Maternal mortality (MM) and severe maternal morbidity (SMM) are higher in the United States (US) than any other high-income country and have increased over time. This national maternal health crisis is also characterized by significant racial disparity. MM is three times as likely among non-Hispanic black women as non-Hispanic white women. Likewise, non-Hispanic black women are twice as likely to experience SMM even when controlling for sociodemographic confounders. Given that over 60% of US maternal deaths could be prevented, there is an urgent need for research to better understand and address the pervasive and persistent health disparities. Consistent with the goals of this Notice of Special Interest (NOT-OD-20-104), we will utilize established community-engaged approaches to better understand racial disparities in pregnancy-related and pregnancy-associated MM and SMM in the priority region of the US South. Our multidisciplinary team will leverage the clinical research informatics and community engagement resources of the Center for Clinical and Translational Science (CCTS) to identify multi-level (individual, interpersonal, community, and sociocultural) determinants of maternal health disparities, as well as factors that contribute to optimal maternal outcomes in high risk Southern communities. This research will focus on women in Alabama, the state with the third highest MM in the country. The first specific aim is retrospective cohort study of over 40,000 obstetric patients over the past 10 years to better evaluate the individual (race, age, education, payer status, medical history), community (residence), and system (clinic/provider) factors associated with MM and SMM. The second specific aim is to identify provider, system and community-based perspectives on potential areas of intervention to improve maternal outcomes and reduce racial inequities in MM and SMM. The third specific aim is a prospective mixed- methods study of obstetric patients to examine healthcare system distrust, perceived discrimination and racism experienced by black women receiving obstetric care (hypothesized contributing factors to the 3 to 4 times higher rate of MM experienced by black mothers). We believe that accomplishing the aims below will significantly contribute to the evidence-base for NIH?s forthcoming Implementing a Maternal health and PRegnancy Outcomes Vision for Everyone (IMPROVE) initiative and future longitudinal studies by this research team.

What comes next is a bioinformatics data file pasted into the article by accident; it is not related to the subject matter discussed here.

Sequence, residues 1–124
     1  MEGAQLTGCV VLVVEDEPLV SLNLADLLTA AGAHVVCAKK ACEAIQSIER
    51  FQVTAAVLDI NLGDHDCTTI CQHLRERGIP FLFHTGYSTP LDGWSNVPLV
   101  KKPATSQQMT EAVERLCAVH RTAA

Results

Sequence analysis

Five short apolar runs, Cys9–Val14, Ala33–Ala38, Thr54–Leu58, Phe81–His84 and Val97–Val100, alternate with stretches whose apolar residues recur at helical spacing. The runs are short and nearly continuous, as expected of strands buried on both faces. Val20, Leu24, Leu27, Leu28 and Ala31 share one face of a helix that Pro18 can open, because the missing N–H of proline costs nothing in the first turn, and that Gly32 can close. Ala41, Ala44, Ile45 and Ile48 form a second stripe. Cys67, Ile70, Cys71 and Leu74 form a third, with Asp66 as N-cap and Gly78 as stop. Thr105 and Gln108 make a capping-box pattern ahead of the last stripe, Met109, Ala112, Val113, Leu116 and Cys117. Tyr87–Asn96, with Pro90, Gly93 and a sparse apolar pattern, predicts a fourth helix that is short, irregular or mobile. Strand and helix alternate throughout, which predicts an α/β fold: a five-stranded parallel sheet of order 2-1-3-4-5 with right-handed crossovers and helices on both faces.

The goal of the proposed study is to better articulate multi-level (individual, interpersonal, community, and sociocultural) determinants of maternal mortality and severe maternal mortality and associated health disparities. Findings from this study have the potential to improve clinical care and prevention strategies to improve overall maternal outcome and attain equity in maternal health.